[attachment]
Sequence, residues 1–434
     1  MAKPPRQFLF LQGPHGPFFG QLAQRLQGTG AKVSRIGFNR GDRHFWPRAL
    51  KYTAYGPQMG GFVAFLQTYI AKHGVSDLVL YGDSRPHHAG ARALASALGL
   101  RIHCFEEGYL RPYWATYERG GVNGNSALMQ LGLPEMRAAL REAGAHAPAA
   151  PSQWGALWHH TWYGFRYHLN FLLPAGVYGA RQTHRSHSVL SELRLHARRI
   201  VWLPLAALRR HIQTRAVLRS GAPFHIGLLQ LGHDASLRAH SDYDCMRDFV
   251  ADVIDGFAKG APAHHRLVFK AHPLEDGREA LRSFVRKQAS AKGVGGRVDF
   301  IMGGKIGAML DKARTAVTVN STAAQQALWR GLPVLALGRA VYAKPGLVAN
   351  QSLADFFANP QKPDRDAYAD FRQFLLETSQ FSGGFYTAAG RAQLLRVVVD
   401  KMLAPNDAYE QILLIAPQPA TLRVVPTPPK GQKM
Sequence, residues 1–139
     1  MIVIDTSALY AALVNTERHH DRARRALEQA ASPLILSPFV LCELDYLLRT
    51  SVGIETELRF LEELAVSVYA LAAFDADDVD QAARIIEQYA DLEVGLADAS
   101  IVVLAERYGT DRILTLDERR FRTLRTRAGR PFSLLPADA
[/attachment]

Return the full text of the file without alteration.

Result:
Sequence, residues 1–434
     1  MAKPPRQFLF LQGPHGPFFG QLAQRLQGTG AKVSRIGFNR GDRHFWPRAL
    51  KYTAYGPQMG GFVAFLQTYI AKHGVSDLVL YGDSRPHHAG ARALASALGL
   101  RIHCFEEGYL RPYWATYERG GVNGNSALMQ LGLPEMRAAL REAGAHAPAA
   151  PSQWGALWHH TWYGFRYHLN FLLPAGVYGA RQTHRSHSVL SELRLHARRI
   201  VWLPLAALRR HIQTRAVLRS GAPFHIGLLQ LGHDASLRAH SDYDCMRDFV
   251  ADVIDGFAKG APAHHRLVFK AHPLEDGREA LRSFVRKQAS AKGVGGRVDF
   301  IMGGKIGAML DKARTAVTVN STAAQQALWR GLPVLALGRA VYAKPGLVAN
   351  QSLADFFANP QKPDRDAYAD FRQFLLETSQ FSGGFYTAAG RAQLLRVVVD
   401  KMLAPNDAYE QILLIAPQPA TLRVVPTPPK GQKM
Sequence, residues 1–139
     1  MIVIDTSALY AALVNTERHH DRARRALEQA ASPLILSPFV LCELDYLLRT
    51  SVGIETELRF LEELAVSVYA LAAFDADDVD QAARIIEQYA DLEVGLADAS
   101  IVVLAERYGT DRILTLDERR FRTLRTRAGR PFSLLPADA